- Moldy yogurt claimed unsafe, later turns out to be safe.
- Brain repair during sleep
- Surprising effects of a high-carb diet, a Quantified Self talk by Greg Pomerantz. His low carb diet — that is, his previous diet — was red meat, eggs, butter and green (non-starchy) vegetables. Low-carb paleo with butter. His HbA1c went from 5.6 (low-carb) to 5.5 (high-carb).
- Speaking of “doctors hurt you“, a letter to The New Yorker says that a herb common in Traditional Chinese Medicine causes liver cancer. “The traditional [medicinal] use of this family of highly nephrotoxic and carcinogenic herbs represents a significant problem for global public health.”
- Financial incentives increase C-sections
- Positive correlation between Alzheimer’s and cleanliness. In its use of principal component analysis and transformations (e.g., square root transformation), this paper is more sophisticated than most epidemiology.
Thanks to Alex Chernavsky.
6 Replies to “Assorted Links”
I read somewhere that the explanation for highter HbA1c is
Low Carb -> Lower Blood Glucose -> Longer RBC lifespan -> Higher HbA1c
Here is an article explaining why HbA1c levels may be elevated by a low-carb diet, even if blood glucose levels are not:
Pomerantz’s experiment showed little change most health markers between a low and high carb diet. His carbs came mostly from white rice and he eschewed gluten so I infer he ate little if any powdered carbs. It would be very interesting to see a follow-up experiment replacing the rice with bread to see if results correlated with this study:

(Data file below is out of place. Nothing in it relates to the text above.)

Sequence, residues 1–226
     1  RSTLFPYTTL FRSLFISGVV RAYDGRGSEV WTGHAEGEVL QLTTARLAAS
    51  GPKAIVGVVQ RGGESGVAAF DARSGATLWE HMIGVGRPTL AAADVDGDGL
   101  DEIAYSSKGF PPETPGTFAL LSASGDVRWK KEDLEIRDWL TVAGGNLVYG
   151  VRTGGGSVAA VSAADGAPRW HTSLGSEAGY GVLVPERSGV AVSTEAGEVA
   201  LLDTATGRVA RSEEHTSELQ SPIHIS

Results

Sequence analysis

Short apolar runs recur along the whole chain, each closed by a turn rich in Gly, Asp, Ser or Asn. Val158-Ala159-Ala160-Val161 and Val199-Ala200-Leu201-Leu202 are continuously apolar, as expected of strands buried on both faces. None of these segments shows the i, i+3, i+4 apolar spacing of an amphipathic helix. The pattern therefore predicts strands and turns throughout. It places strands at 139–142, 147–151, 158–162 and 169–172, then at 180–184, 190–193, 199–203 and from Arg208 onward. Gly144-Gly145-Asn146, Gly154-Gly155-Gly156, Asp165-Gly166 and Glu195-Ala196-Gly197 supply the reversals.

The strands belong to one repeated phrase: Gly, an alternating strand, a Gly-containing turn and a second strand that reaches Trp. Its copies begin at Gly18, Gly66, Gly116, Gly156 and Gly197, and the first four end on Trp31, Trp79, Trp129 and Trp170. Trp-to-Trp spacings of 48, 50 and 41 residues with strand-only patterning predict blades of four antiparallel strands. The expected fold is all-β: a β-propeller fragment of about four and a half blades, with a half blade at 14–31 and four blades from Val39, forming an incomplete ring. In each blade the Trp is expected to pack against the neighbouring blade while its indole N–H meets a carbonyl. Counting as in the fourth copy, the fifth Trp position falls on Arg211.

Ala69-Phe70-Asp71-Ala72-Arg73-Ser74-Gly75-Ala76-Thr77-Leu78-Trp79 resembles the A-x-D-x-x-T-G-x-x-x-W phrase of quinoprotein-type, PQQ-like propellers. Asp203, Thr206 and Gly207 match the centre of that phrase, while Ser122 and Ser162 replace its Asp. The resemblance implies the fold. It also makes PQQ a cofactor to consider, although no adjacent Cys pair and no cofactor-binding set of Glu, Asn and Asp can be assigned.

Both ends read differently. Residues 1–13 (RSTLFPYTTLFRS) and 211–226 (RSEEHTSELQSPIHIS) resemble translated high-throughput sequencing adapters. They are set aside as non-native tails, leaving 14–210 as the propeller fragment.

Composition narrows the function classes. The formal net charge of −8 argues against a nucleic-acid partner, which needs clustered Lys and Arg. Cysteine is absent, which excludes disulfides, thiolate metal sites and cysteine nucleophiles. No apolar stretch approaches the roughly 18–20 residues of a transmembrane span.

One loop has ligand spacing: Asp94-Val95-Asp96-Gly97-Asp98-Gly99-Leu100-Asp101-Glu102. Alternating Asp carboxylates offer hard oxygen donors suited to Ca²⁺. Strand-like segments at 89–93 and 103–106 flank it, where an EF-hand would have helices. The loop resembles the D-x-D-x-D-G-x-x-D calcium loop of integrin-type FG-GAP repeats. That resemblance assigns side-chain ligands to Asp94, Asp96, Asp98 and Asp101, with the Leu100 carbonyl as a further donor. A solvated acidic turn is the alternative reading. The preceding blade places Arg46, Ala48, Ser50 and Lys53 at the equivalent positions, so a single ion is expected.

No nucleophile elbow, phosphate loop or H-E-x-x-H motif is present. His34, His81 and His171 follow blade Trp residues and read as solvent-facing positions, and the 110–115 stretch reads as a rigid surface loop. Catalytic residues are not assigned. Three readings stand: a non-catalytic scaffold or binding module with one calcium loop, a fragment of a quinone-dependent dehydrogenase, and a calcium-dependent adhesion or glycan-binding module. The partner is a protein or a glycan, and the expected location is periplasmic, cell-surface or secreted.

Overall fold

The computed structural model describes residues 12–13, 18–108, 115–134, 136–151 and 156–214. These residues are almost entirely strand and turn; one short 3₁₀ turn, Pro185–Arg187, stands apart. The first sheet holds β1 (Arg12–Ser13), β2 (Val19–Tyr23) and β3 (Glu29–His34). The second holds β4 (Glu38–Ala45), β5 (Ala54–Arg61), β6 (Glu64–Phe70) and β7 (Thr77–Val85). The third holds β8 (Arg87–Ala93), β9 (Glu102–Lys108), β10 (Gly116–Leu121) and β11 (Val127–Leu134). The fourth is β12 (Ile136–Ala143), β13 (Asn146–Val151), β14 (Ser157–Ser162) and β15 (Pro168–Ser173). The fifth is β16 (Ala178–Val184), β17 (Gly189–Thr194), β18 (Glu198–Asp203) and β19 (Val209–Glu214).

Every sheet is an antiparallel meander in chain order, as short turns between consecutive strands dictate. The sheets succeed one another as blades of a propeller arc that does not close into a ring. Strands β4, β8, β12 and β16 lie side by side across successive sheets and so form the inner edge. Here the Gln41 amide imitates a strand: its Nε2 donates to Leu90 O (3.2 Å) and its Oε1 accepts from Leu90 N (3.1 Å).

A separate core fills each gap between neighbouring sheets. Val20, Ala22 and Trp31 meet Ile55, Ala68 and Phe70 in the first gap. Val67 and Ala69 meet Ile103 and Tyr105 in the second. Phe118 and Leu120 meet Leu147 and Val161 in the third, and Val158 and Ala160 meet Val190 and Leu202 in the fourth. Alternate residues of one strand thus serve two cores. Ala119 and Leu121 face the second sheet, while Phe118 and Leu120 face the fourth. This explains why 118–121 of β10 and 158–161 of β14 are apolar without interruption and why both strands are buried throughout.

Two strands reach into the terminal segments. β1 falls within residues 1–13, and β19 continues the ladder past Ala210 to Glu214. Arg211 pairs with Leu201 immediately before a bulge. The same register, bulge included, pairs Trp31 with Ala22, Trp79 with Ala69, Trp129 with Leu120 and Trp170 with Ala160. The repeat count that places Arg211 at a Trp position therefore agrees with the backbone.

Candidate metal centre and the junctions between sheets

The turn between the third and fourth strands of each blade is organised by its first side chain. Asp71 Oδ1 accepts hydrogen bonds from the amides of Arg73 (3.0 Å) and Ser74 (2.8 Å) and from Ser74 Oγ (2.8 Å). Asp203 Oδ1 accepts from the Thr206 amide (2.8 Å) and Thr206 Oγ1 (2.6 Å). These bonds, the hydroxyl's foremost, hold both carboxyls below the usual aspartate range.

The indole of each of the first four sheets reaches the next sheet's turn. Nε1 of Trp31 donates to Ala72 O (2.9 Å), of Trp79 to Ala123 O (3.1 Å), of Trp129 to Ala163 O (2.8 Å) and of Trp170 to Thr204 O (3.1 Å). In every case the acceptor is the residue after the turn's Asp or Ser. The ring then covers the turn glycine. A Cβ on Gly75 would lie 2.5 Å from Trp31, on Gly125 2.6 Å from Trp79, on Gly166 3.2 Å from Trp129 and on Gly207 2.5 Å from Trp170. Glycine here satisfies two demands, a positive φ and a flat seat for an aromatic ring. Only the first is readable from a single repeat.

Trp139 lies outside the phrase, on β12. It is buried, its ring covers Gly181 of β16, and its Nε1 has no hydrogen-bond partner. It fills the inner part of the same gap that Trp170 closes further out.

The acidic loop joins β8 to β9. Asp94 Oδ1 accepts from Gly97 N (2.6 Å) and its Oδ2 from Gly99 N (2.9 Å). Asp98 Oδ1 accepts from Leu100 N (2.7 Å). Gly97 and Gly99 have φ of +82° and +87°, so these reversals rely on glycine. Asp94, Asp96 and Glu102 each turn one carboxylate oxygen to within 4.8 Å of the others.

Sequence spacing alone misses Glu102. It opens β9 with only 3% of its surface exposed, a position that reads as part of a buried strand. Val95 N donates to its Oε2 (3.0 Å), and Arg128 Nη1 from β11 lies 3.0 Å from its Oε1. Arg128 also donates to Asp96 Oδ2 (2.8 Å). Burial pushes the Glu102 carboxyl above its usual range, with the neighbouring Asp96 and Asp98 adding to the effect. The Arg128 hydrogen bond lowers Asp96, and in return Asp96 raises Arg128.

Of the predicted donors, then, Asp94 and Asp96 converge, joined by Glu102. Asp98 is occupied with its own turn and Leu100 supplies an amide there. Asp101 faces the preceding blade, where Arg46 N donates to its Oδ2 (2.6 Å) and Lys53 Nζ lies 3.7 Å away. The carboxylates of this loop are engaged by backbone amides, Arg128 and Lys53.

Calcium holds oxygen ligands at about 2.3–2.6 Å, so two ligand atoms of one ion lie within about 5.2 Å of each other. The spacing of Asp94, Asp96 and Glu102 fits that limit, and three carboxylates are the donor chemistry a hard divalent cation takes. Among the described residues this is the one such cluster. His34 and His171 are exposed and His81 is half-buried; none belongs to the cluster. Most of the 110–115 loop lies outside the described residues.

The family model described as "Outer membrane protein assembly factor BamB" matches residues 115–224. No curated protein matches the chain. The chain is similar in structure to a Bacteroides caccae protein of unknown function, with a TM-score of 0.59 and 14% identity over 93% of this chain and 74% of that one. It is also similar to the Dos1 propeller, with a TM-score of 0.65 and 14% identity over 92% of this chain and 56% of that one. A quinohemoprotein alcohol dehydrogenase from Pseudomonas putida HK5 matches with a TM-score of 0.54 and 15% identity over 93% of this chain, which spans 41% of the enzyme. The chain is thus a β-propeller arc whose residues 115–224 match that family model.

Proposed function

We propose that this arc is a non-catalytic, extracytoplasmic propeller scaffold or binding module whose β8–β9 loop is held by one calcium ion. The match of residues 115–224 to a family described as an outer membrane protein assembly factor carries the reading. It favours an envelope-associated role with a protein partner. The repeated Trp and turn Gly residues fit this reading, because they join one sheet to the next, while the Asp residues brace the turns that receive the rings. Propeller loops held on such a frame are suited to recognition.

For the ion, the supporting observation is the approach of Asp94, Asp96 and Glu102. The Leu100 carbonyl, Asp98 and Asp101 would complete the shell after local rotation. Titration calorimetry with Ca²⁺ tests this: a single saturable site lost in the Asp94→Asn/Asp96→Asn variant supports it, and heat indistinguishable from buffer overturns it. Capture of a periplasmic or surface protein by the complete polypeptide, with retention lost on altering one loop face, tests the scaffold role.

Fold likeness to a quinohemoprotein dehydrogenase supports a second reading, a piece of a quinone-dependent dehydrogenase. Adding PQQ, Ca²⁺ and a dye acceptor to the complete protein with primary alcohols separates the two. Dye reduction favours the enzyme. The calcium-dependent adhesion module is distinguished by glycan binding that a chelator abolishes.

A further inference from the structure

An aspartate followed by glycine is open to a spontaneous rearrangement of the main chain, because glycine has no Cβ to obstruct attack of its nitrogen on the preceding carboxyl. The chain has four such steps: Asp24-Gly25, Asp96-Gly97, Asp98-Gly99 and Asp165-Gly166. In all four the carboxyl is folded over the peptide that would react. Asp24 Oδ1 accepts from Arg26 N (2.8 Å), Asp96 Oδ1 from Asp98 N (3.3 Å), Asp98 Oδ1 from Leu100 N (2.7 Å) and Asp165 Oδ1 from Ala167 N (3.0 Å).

“little change most health markers between a low and high carb diet”: humph. Eat a mixed diet that includes plenty of fish, and a modicum of wine and beer. That’s probably the way to bet.
Hi, thanks for the interest in my talk. I agree a1c is not a terribly reliable marker. I just reported it because the low carb advocates all said it was supposed to go up and it didn’t.
I wouldn’t put much faith in that mouse study. For example, the C57BL/6N mice they used are known to get fat on a high fat diet. This doesn’t usually happen to humans who eat high fat diets, so I’m a bit mystified why this mouse is considered a standard animal model for human obesity. I don’t really pay much attention to animal studies any more unless the model they are using has been validated to be an accurate in humans (which is virtually never the case).
I would not be surprised if bread had a different effect than rice — for one, it is much lower in water content, which likely affects the rate at which you can eat and digest it (the fact that rice is hard to eat fast may be one reason why it seems healthier than other carbs). Although I’m not gluten sensitive as far as I can tell, I don’t eat much bread, so I’m not likely to try this experiment with bread. If you do though please let us know what happens.
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